COVID-19 has affected seismic noise in Dallas

While most seismometers have been installed to detect earthquakes, they are also very sensitive to ambient vibrations caused by human activity. A series of recent news reports have highlighted the change in background seismic vibrations (seismic ‘noise’) with the various government restrictions on human movement (see this link). Seismic stations in Dallas, many deployed following swarms of earthquakes in the 2000’s and 2010’s (see DeShon et al., 2019; Savvaidis et al., 2019), also show the local change in background noise. For my class on ‘Forensic Seismology and Acoustics’ this semester, we analyzed data from these stations to explore the effect of the shelter-in-place order on ambient seismic noise.

We started with a station on the campus of UT Dallas in the northern suburbs of Dallas. The station, which forms part of the TexNet seismic network (https://www.beg.utexas.edu/texnet-cisr/texnet) shows a clear change in seismic noise following the shelter-in-place order for Dallas county on March 24th. Using open-source scripts written by Thomas Lecocq at the Royal Observatory in Belgium, and leveraging open-source seismic software in Python (ObsPy), we processed the data to compute noise levels as a function of time. The results, shown in the figure below, clearly indicate that seismic noise has systematic trends with time that are noticeably different after COVID-19 restrictions.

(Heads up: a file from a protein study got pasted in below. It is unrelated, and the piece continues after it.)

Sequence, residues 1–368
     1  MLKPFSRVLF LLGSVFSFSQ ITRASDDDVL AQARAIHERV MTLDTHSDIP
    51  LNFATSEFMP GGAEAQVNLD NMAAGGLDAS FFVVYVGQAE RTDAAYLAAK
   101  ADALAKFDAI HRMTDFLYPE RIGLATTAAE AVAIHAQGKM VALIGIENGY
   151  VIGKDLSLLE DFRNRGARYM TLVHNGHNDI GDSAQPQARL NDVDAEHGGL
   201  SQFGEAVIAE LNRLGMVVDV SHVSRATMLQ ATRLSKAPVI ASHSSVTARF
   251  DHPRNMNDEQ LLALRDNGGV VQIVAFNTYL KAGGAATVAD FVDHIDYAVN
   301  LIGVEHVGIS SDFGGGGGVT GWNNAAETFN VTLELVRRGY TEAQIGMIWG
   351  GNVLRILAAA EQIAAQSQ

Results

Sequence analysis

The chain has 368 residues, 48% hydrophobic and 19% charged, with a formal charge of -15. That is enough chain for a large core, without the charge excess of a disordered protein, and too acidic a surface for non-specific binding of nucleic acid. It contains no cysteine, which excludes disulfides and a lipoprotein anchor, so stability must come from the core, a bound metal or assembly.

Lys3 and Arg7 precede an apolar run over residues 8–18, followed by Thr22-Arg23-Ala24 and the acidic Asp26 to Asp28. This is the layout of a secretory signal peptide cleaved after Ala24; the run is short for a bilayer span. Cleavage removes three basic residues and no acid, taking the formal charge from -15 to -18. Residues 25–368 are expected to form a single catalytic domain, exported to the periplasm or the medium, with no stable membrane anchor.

Figure showing seismic noise at a seismic station on the campus of UT Dallas at the start of the 2020 COVID-19 pandemic

At SMU, we operate a Raspberry Shake seismometer in the basement of the Heroy building that houses our department. The seismometer sits in the basement of a building that also contained a seismometer that was part of the very first global network of seismic stations (the WWSSN network)! As at UT Dallas, we see a difference in seismic background noise after restrictions were put in place (see the figure below).

Figure showing seismic noise at a seismic station on the campus of Southern Methodist
University at the start of the 2020 COVID-19 pandemic

So we see changes in ground vibration caused by COVID-19 restrictions, which is neat, but perhaps more importantly could provide a scientific benefit. In particular, changes in noise may provide the opportunity to learn more about the causes and characteristics of urban seismic noise. For example, a recent study in London (Green et al., 2017) found that a strike by underground workers helped to identify spectral signals caused by the metro (or ‘tube’) from signals caused by traffic and other sources. Noisy urban environments are poorly understood from a seismic perspective, because it makes sense to put seismic instruments in quiet places to detect earthquakes. However, seismic measurements in urban environments are of critical interest in understanding seismic hazard in places where increasing numbers of people live. Information from seismic noise can play a key role in improving our understanding of hazards in urban environments.

DeShon, H. et al., Seism. Res. Lett., 91, doi: 10.1785.0220180269
Green, D. et al., Seism. Res. Lett., 88, doi: 10.1785/0220160128
Savvaidis, A. et al., Seism. Res. Lett., 90, doi: 10.1785/0220180350

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